For thousands of years, Nimiipuu, or Nez Perce ancestors migrated between forest, river, and prairie environments, harvesting the resources as they came available with the passing seasons.
The Nimiipuu daily rhythms and cycle of life were attuned to the land. For the Nimiipuu, along with other Columbia River Plateau tribes, the seasons of the year defined major activities and celebrations.
Every activity and cultural practice fitted into a seasonal cycle or round. There was a pattern to this movement. It was a purposeful journey rather than random wandering. Families and bands traveled to their usual and accustomed places for hunting, fishing, and harvesting roots and plants.
Seasons varied from year to year. Activities depended on weather conditions, when plants matured, and when fish ran. The Nimiipuu lived on dried foods through the winter. In spring, they gathered the early plants and roots growing in the low river valleys. As the spring run of the Chinook salmon started, the men began to fish. As the snow melted in the mountains and the early run of salmon ended, bands moved to higher elevations.
Nez Perce Forestry Management
Today, the Nez Perce Tribe provides forest management expertise and woodland fire protection
to: · promote healthy ecosystems · produce forest products and income · provide educational services · serve the Nez Perce Tribe, and other owners of the trust lands within the Nez Perce Reservation.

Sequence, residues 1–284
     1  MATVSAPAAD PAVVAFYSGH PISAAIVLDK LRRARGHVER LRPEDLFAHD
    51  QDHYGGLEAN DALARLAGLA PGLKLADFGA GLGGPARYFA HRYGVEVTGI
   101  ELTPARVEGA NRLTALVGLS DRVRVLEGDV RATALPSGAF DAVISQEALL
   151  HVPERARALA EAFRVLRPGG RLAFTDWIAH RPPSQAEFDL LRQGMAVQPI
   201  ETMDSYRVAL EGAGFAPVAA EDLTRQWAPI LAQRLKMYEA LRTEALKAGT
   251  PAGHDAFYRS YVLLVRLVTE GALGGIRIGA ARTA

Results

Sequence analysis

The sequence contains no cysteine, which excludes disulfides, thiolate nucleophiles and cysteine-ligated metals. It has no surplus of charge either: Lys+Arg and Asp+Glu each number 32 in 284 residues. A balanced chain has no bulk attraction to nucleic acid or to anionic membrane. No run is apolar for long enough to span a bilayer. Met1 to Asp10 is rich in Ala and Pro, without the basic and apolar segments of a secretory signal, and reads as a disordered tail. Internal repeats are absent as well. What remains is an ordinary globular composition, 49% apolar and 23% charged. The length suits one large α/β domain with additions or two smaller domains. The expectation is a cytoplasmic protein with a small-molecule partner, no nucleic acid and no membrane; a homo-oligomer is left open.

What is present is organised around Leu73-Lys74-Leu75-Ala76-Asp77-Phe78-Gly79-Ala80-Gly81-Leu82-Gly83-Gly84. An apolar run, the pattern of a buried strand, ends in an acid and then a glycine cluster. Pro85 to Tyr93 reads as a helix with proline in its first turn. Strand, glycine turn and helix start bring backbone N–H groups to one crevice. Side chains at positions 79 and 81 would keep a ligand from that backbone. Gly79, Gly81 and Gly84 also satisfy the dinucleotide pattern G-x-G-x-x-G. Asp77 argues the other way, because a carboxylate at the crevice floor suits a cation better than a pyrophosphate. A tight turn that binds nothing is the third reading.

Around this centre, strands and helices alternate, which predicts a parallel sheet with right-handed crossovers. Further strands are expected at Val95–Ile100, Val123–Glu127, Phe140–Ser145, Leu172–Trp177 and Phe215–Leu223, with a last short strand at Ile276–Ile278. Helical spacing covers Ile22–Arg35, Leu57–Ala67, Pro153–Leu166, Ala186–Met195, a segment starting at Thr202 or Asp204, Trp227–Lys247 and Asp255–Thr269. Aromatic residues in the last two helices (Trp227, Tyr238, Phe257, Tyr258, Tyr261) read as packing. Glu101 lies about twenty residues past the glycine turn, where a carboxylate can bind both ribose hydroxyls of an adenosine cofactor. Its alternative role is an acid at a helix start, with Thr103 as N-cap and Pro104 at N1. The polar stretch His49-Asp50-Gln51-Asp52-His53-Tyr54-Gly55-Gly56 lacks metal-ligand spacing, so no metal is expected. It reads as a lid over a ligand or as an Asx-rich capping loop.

The Nez Perce Tribal Forestry Program strives to build a reservation environment that is clean, diverse, and rich with wholesome populations of plants, animals, and human beings. In so doing, a resilient, working forest can meet current needs of the Tribe while preserving the land base for future generations.
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Preserving Our Way of Life
Hunters and Gatherers
Local food sources were plentiful and varied. Families traveled seasonally to collect food for immediate needs, and to prepare and store for the winter.
Fish, especially salmon, formed a major part of the Nimiipuu diet. Men hunted elk, deer, bear, beaver, game birds and other animals.
Different plants were gathered through the seasons, Roots, such as kouse, camas, bitterroot, and wild carrot, were an important food source. Berries, including huckleberries, raspberries, choke cherries, wild cherries, and nuts, tubers, stalks, and seeds rounded out the diet.
Today the Nez Perce Tribe and their Northwest Tribal partners are leading the effort to preserve and revitalize wild salmon runs of the Columbia
River drainage. Root diggers are also taking a proactive role to protect the remaining areas where root foods can still be found.